“Ma!” said Lata, a little exasperated at the emotional capital her mother insisted on making out of every possible circumstance. “People are looking at you. They want to congratulate you, and they’ll think it very odd if they see you crying in this way.”

One of the things I love about this passage is that while both characters are speaking English, the mother’s English is a bit more formal (not using contractions, for example), while the college-student daughter’s English is a bit more casual.

 A few pages later (page 7) we read Maan’s conversation (in Hindi) with his father, who is speaking of a bride he has chosen for Maan:

“So that’s all fixed up,” continued his father. “Don’t tell me later that I didn’t warn you. and don’t get that weak-willed woman, your mother, to change her mind and come telling me that you aren’t yet ready to take on the responsibilities of a man.”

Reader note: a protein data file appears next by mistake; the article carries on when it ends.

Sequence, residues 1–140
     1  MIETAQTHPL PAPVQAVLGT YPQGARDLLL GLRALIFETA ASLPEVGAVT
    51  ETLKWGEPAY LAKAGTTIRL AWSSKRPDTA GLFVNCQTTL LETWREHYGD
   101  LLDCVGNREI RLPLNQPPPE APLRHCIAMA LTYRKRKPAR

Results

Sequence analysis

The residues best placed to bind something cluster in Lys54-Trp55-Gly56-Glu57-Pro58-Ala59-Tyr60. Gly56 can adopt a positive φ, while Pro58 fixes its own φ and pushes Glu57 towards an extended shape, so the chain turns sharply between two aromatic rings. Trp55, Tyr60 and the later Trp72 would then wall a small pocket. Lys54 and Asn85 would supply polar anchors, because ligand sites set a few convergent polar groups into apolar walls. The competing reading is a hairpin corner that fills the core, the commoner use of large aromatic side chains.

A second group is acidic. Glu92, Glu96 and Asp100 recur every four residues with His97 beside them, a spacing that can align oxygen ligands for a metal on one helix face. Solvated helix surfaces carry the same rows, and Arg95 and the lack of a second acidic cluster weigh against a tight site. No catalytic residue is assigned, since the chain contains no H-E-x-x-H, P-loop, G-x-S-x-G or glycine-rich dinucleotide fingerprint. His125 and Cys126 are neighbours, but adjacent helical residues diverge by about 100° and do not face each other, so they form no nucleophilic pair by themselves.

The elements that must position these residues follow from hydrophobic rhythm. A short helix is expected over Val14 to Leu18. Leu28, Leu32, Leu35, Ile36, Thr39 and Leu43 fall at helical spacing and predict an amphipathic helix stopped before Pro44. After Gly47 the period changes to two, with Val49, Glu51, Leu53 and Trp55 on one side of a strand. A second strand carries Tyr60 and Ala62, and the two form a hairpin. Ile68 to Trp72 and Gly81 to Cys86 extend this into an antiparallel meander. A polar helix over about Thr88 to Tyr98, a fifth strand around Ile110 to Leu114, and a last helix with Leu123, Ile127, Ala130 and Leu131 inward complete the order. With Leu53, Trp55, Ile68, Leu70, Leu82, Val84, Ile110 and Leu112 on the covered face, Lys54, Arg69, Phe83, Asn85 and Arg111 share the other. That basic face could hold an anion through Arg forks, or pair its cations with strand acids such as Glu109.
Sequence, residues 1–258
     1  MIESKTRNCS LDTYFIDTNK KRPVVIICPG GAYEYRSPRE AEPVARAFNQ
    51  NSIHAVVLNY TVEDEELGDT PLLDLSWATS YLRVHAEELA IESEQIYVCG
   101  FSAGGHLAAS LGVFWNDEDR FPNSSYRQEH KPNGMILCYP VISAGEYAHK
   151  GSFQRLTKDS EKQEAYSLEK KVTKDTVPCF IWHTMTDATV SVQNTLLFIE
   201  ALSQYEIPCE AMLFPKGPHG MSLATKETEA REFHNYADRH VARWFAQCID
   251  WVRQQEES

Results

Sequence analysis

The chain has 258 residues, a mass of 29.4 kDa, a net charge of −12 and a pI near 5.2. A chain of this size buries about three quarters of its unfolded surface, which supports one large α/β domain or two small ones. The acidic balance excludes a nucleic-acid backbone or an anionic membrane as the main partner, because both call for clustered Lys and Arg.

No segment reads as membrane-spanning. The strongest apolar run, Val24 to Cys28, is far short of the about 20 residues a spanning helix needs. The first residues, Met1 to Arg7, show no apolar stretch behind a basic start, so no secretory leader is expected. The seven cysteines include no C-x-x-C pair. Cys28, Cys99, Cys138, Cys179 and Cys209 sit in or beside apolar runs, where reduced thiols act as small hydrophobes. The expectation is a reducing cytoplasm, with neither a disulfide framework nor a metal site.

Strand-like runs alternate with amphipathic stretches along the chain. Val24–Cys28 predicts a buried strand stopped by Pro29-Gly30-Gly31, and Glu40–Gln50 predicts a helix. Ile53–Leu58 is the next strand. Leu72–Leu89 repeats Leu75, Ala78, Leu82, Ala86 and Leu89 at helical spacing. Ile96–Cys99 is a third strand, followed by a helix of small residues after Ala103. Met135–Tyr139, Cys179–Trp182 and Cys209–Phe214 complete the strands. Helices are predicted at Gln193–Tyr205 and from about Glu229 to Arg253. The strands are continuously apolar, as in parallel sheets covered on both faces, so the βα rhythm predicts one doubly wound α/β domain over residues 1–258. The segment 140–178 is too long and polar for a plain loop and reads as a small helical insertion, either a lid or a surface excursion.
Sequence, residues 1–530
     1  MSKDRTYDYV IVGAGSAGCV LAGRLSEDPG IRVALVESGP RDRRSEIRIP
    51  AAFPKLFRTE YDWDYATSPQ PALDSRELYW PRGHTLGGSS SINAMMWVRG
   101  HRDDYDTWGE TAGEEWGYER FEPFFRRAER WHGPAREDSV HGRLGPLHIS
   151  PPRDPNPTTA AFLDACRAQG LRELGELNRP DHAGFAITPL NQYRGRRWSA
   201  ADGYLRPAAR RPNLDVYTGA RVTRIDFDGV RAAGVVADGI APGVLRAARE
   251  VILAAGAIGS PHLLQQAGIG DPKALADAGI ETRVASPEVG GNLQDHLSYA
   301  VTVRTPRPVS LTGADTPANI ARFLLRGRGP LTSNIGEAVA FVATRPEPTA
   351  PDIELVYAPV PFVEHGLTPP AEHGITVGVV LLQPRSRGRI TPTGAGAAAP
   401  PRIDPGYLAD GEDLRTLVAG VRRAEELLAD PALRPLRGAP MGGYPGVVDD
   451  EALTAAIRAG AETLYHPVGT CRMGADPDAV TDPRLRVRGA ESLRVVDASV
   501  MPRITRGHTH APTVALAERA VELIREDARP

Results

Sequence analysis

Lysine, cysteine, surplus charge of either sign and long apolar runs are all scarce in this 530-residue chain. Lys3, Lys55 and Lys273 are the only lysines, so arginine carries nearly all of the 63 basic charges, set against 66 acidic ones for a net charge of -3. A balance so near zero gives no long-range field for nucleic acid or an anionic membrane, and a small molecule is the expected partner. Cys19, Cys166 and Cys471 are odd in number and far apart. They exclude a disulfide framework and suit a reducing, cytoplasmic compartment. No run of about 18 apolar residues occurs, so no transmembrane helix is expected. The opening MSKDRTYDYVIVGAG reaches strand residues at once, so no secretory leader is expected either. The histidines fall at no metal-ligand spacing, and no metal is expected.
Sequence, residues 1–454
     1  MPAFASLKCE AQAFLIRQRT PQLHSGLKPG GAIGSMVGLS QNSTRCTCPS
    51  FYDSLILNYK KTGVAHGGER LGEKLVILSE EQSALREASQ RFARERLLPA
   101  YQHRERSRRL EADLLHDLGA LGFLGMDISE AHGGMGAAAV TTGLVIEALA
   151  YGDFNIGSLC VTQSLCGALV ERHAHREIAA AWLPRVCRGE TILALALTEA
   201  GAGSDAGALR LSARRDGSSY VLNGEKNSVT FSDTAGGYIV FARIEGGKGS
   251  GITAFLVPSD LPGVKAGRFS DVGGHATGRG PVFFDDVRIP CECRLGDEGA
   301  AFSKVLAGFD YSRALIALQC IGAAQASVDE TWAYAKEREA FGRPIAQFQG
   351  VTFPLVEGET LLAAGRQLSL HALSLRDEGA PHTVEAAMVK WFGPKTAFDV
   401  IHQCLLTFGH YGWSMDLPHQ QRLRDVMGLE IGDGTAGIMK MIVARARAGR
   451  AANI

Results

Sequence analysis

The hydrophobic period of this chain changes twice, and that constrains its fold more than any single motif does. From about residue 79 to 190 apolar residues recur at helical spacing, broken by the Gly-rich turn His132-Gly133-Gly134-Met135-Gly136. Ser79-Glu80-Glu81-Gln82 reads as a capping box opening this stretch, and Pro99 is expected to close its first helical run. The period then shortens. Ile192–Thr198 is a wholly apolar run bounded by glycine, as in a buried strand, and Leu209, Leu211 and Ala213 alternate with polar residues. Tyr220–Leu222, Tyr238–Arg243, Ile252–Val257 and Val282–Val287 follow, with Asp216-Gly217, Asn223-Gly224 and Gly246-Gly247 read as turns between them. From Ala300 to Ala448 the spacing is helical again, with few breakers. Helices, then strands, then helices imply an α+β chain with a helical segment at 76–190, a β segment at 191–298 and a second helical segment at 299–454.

“No, Baoji,” said Maan, getting the drift of things and looking a trifle glum.

Although the characters are speaking in Hindi, the conversation is in natural-sounding English.

Should you mention what language your characters are speaking? Yes, if you think it will help readers understand the characters and their milieu. Vikram Seth tells us. and so does Jhumpa Lahiri, in her poignant, lovely story “The Third and Final Continent” (the last story in her collection The Interpreter of Maladies).

The main character in Lahiri’s story is a young man who has recently arrived in the U.S. He is fluent in English but speaks in a formal, stilted way in that language. Here is a conversation with his elderly landlady’s daughter (page 185):

“I come once a week to bring Mother groceries. Has she sent you packing yet?”

“It is very well, madame.”

“Some of the boys run screaming. But I think she likes you. You’re the first boarder she’s ever referred to as a gentleman.”

“Not at all, madame.”

She looked at me, noticing my bare feet (I still felt strange wearing shoes indoors, and always removed them before entering my room). “Are you new to Boston?”

“New to America, madame.”

“From?” She raised her eyebrows.

“I am from Calcutta, India.”